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Female Clergy as Agents of Religious Change?
AbstractThis article focuses on female clergy as potential agents of change in the Church. I argue that the adoption of female clergy is one of the main factors that cause the Church to change its practices, policies and theological orientation. The first female ministers were ordained in the Evangelical Lutheran Church of Finland in 1988. This is fairly late compared to other Nordic countries. However, the number of female ministers and female students has been growing fast and nowadays about 70 percent of theology students are female.The paper is based on quantitative surveys conducted among the members of the Clergy Union in 2002, 2006 and 2010 (N = about 1,000 each) and among the applicants for university studies in theology in 2010. The research shows that clergywomen are changing the Church in a clearly more liberal direction. They do it in various areas of church life: they change the perception of faith and dogma, the policies of the Church as well as daily practices in parishes. Clergymen are notably more traditional in their orientation, even young clergymen. Therefore it is especially the female clergy who serve as agents of religious change in the Church.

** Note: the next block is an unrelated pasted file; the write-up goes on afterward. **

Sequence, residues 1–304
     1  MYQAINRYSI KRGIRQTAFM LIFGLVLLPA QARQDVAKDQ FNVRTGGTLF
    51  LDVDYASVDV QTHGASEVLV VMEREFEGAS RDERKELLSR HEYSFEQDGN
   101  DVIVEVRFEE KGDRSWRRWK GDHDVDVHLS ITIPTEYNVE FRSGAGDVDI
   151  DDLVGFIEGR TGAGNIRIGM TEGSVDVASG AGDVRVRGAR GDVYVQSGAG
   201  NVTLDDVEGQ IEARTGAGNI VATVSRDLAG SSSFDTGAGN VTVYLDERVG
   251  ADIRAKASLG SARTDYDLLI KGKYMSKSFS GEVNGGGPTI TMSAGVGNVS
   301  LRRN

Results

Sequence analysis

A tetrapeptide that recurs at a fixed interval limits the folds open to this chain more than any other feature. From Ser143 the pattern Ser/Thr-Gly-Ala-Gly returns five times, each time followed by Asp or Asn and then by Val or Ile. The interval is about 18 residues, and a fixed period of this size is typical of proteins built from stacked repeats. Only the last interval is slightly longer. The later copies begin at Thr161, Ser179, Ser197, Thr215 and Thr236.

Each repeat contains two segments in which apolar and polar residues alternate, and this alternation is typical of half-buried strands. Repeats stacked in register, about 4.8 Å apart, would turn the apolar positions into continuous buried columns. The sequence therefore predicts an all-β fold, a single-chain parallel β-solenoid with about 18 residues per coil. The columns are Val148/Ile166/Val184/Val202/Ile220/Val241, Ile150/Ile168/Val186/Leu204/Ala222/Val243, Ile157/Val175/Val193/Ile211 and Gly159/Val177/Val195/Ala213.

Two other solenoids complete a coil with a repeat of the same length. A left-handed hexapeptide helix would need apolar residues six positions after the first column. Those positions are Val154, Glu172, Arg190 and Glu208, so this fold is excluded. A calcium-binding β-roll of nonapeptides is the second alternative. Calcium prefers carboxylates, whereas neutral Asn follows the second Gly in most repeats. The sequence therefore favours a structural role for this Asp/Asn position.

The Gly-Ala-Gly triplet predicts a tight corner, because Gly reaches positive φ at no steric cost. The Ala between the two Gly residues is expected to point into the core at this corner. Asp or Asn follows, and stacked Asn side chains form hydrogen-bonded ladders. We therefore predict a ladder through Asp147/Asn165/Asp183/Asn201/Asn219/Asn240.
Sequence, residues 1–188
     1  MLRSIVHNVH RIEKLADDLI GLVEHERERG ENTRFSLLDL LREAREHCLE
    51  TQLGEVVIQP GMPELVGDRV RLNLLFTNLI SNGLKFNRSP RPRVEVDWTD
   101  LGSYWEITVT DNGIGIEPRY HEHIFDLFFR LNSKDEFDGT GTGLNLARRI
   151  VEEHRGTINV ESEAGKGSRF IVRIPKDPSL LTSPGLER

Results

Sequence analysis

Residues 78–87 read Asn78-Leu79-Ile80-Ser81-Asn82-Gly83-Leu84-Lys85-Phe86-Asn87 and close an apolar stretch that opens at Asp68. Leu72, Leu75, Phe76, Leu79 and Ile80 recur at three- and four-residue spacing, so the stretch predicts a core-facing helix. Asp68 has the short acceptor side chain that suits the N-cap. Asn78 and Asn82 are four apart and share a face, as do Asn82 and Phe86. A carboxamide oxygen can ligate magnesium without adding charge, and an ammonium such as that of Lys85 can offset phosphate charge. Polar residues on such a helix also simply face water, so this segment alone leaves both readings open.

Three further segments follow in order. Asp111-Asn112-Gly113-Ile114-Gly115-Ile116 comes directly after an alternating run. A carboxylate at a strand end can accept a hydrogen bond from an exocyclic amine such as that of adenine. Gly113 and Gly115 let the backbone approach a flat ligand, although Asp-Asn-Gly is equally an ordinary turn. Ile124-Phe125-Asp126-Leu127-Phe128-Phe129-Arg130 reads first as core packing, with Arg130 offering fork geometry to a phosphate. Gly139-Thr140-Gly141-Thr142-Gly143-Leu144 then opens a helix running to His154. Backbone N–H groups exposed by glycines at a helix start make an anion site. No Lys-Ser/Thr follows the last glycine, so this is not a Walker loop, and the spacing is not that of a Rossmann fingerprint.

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Niemelä, K. Female Clergy as Agents of Religious Change? Religions 2011, 2, 358-371.View more citation formats
Niemelä K. Female Clergy as Agents of Religious Change? Religions. 2011; 2(3):358-371.Chicago/Turabian Style
Niemelä, Kati. 2011. "Female Clergy as Agents of Religious Change?" Religions 2, no. 3: 358-371.
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